World’s biggest collection of Scandinavian art to open in grain silo

The silo-turned-gallery occupies an enviable site on the Odderøya peninsula in Kristiansand (Mestres Wåge/BAX/Mendoza Partida)
The southern Norwegian coastal town of Kristiansand is about to open a gallery in a converted grain silo.

Kunstsilo Nordica, designed by Barcelona firms Mestres Wåge Arquitectes, Mendoza Partida and BAX Studio, will present the world’s largest collection of Scandinavian art to the public on 11 May.

The 1935 silo has become a 3,300-sq-m museum on three floors.

It occupies a spectacular site on the Odderøya peninsula, which adds natural drama to the building.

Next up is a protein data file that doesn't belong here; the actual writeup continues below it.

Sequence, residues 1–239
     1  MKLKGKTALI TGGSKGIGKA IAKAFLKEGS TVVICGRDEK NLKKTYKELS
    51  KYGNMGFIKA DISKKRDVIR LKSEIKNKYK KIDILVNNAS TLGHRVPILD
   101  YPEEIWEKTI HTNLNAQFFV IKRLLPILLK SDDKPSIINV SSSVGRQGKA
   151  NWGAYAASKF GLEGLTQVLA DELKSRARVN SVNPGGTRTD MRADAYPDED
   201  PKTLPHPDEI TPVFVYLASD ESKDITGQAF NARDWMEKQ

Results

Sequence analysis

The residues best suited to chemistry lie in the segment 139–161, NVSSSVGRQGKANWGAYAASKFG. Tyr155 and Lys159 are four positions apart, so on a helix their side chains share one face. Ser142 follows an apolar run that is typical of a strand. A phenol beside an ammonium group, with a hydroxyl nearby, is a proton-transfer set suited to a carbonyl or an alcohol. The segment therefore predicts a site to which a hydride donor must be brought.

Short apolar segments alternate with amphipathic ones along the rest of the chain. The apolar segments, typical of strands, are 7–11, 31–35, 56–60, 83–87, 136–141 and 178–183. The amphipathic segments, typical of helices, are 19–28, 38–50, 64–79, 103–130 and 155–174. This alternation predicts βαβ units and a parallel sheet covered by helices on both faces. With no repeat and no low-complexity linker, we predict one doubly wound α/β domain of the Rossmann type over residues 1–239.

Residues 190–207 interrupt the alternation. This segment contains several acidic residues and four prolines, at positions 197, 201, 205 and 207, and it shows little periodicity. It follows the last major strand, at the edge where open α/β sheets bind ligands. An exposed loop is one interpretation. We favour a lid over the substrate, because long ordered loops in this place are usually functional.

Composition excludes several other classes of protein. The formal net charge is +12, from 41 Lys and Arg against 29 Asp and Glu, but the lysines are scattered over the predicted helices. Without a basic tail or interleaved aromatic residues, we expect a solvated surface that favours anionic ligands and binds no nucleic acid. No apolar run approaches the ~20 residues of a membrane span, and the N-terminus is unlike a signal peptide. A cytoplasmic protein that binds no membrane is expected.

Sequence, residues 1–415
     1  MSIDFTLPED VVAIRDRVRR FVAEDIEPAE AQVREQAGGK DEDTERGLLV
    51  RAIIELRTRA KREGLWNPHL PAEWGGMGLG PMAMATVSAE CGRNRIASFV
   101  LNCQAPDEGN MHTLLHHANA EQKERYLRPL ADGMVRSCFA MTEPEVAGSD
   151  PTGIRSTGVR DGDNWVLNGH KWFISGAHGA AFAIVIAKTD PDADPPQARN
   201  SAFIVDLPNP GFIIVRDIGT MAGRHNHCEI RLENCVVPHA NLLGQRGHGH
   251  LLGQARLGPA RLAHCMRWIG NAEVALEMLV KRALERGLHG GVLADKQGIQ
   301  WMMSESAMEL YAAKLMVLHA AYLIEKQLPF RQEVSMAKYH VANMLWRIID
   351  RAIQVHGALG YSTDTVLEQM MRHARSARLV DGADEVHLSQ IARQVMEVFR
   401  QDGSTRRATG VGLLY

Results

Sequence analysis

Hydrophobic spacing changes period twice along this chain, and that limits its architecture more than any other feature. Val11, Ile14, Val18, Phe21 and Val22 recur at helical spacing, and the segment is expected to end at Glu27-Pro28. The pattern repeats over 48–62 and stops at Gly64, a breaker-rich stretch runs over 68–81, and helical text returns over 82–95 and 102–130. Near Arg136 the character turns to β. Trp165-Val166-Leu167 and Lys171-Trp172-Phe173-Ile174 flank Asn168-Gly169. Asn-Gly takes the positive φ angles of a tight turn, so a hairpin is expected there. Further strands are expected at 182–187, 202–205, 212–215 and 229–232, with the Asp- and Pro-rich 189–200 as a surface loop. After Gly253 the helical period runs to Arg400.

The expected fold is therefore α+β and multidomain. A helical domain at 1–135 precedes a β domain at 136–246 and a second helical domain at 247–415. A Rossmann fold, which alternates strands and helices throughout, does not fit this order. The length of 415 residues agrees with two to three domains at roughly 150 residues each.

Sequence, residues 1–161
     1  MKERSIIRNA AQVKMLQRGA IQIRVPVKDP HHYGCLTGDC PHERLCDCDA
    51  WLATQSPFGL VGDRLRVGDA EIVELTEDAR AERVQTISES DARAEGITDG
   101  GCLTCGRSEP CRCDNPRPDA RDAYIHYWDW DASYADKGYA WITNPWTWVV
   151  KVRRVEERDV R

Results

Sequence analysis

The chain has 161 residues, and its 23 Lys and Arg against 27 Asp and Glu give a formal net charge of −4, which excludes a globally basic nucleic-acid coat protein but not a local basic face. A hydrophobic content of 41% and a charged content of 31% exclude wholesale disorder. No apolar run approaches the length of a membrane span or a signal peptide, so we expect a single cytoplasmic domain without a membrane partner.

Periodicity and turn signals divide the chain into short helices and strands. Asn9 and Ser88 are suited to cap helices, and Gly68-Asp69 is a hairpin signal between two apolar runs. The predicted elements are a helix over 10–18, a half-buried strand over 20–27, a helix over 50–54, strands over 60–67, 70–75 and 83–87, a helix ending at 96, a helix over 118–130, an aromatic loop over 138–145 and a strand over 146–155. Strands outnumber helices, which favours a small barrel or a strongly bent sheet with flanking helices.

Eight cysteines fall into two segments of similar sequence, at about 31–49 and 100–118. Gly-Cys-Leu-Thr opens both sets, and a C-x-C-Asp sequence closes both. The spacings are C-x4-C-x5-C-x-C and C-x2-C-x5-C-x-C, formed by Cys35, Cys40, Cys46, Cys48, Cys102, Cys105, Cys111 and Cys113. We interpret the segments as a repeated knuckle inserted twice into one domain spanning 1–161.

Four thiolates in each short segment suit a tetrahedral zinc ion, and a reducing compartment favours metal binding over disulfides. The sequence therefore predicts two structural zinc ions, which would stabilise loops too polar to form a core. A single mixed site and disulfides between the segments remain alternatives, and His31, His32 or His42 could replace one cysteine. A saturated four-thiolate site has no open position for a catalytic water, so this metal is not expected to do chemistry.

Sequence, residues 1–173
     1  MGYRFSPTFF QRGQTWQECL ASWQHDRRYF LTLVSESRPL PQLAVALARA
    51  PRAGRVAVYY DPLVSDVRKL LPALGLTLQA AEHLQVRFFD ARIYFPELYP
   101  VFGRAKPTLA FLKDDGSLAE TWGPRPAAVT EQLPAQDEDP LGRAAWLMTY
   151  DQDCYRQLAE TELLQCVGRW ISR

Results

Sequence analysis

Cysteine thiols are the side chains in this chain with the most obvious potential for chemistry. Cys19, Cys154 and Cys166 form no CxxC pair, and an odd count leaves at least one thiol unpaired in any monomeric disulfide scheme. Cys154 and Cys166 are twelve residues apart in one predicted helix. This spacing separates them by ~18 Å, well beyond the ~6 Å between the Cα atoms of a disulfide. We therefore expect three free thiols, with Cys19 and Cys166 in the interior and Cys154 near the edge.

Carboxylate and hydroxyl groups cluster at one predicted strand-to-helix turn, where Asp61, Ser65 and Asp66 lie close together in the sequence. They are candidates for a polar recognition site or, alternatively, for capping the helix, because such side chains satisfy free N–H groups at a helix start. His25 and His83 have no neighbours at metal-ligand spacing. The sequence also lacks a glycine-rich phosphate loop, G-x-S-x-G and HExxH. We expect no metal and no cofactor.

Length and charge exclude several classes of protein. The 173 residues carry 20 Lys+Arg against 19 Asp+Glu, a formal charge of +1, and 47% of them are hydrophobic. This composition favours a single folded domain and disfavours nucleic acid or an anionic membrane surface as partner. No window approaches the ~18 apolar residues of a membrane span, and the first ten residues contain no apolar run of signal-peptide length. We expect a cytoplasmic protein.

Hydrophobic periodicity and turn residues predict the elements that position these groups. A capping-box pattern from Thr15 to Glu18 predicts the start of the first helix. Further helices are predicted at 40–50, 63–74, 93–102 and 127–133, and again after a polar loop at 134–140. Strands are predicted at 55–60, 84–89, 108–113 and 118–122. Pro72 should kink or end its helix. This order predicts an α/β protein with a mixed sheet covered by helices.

It will exhibit a selection of works from the Tangen Collection, the Southern Norway Art Collection, and the Christianssands Picture Gallery.

The first exhibition, Passions of the North, will include Ola Billgren’s 1973 work, “Muren” 
(Øystein Thorvaldse)

The first is a collection of 5,500 pieces built up by London-based hedge-fund manager Nicolai Tangen, who donated his collection to his home town in 2015.

The second comprises 1,000 contemporary artworks and the third dates from 1902, and is Kristiansand’s original art collection.

The original silo is itself a notable work of Norwegian artistry. It was designed by Arne Korsmo and Sverre Aasland, who did much to popularise the international style in Scandinavia.

The inaugural exhibition will be Passions of the North. This will include 700 works in 25 rooms, each decorated for individual moods.

The Kunstsilo will also be a venue for lectures, concerts, dining and workshops.

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